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BW Businessworld

In The Name Of Charity

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As soon as the Modi government assumed office this year, notices were sent to over 400 non-governmental organisations (NGO) and non-profit organisations (NPO)over their alleged involvement in the diversion of foreign funds to promote activities that were allegedly against India’s national interest. In response to the uproar that followed, an official explanation stated that the notices were based on prima facie evidence and were not final.

While the jury is still out, the larger question that cropped up at the time was why NGOs and NPOs were targeted for alleged diversion of money, which in other words meant a safe parking haven for black money.

While a conclusive answer could be difficult, the fact is that NGOs and NPOs remain prime destinations for black money because of the several fiscal and regulatory privileges they continue to enjoy under different laws and regulations of the country.

Their income, subject to various conditions, is treated differently for taxation purposes from that of privately owned profit-oriented concerns. Many believe that this creates incentives for potential evaders to camouflage their entities as non-profitable, charitable, or cooperative in nature.

What weakens the defence for the NGOs or NPOs is that, at present, there is no government agency that has a complete database. On their part, they argue that  ‘not for profit’ is a generalisation used to define charitable institutes, trusts, religious organisations and even development organisations.

It is important to distinguish between the types of organisations that can receive unaccounted funds, say sector experts. “Any development organisation receiving foreign funds needs to be registered under FCRA (Foreign Contribution Regulation Act) with the home ministry, which enables the government to monitor all grants and money coming into the country,” explains Rajesh Tandon, founding president of PRIA, a Delhi-based organisation promoting participatory democracy. There are close to 43,000 NGOs registered under FCRA as of July 2014. Under the Act, NGOs need to declare the name of the donor and the amount of money every time they receive any, which makes it next to impossible for unaccounted funds to come into the market, adds Tandon.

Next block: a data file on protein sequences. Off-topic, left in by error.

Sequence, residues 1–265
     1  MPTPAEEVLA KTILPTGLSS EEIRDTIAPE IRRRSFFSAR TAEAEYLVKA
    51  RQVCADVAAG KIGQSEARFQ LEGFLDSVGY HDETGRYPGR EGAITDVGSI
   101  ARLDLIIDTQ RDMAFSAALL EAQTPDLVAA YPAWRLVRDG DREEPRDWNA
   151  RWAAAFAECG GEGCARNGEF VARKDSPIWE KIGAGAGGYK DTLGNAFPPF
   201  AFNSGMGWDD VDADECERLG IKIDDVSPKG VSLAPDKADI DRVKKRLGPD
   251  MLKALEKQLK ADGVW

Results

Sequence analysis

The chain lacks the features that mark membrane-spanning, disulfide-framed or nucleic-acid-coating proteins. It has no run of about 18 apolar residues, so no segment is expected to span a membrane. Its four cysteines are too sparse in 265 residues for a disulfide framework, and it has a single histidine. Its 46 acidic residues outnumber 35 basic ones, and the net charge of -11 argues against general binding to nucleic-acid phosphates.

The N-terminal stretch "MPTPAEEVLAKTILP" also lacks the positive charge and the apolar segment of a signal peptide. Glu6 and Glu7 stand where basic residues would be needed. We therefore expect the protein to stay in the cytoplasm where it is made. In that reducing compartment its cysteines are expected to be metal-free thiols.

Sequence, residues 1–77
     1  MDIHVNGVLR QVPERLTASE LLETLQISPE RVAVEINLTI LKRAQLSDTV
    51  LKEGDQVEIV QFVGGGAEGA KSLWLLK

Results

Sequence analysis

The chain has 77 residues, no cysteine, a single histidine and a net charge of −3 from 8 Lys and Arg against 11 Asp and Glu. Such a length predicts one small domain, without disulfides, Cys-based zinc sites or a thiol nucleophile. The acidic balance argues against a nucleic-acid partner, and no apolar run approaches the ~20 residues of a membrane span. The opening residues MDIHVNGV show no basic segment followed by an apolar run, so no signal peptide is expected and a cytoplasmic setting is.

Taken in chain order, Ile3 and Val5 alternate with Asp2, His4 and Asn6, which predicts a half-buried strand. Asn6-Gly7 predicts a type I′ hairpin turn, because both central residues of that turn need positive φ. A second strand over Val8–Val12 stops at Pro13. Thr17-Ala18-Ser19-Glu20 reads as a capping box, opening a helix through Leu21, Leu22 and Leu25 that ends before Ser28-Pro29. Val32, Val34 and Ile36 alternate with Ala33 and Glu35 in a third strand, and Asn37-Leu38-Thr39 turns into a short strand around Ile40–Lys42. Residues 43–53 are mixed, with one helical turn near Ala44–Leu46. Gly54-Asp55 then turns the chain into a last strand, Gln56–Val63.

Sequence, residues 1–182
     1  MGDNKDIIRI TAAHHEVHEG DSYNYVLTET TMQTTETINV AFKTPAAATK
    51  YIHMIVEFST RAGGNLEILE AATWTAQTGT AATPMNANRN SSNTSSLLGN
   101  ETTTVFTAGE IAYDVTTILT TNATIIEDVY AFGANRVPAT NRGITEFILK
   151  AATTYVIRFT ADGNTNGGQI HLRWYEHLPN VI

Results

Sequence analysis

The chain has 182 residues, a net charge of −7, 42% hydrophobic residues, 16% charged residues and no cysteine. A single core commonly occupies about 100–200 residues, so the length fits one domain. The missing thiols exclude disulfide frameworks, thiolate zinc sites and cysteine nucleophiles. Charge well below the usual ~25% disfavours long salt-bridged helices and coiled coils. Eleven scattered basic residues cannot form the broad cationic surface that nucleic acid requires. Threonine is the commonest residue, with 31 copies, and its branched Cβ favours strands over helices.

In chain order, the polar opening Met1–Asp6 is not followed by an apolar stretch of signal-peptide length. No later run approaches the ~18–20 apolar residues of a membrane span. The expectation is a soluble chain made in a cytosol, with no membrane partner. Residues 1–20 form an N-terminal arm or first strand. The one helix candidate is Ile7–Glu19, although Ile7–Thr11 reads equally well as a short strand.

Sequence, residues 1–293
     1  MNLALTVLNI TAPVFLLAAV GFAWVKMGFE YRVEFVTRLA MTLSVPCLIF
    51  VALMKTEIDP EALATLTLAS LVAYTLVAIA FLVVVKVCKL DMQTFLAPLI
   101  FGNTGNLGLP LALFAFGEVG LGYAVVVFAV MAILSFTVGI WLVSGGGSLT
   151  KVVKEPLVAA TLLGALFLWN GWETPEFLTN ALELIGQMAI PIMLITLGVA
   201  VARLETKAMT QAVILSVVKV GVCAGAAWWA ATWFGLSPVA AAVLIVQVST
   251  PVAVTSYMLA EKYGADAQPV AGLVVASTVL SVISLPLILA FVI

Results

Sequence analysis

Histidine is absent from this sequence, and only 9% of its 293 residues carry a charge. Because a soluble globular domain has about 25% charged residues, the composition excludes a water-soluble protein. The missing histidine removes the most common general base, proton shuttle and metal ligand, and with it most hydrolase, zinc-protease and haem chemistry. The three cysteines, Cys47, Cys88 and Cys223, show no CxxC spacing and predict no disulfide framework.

However, a senior tax analyst from EY, on condition of anonymity, says, “There may be some cases where organisations are used to convert black to white or circulate unaccounted wealth through legal channels.”

Nitin Potdar, partner at law firm J. Sagar Associates, says consistent amendments to the income tax laws —  seeking information about the source of funds/ donations and disallowance of donation — have already put such NGOs under pressure. “More of such strict action can certainly impact the NGOs. Today, there are thousands of NGOs receiving crores of rupees as donations, which are used for activities like food, housing, education, medical, infrastructure buildings, and so on. Hence, it is humanly impossible to track the use of funds. But certainly, large transactions can be put under the scanner for better control of unaccounted money,” he adds.

Incidentally, a 2012 report from the finance ministry on black money acknowledges the fact that flow of unaccounted money into the NGO sector can only be dealt with by using a multi-pronged strategy of reducing the privileges available to them and subjecting them to a stricter regulatory regime.

The report also cautions that given the role of genuine NPOs in the welfare of the downtrodden and the broader government policy to support such endeavours, reducing the privileges available to them may easily evoke strong emotional responses and hence can be implemented only after a larger consensus is reached within society.

The suggested solutions given in the report include the strengthening of regulations and enforcement of KYC norms in the cooperative sector, besides fixing responsibility for any lapses. In fact, a beginning has been made in the Finance Bill 2014. It talks about tax exemption for NGOs, trusts and charitable institutions and gives sweeping powers to the government to withdraw tax benefits or cancel registrations in case of misuse.

(This story was published in BW | Businessworld Issue Dated 01-12-2014)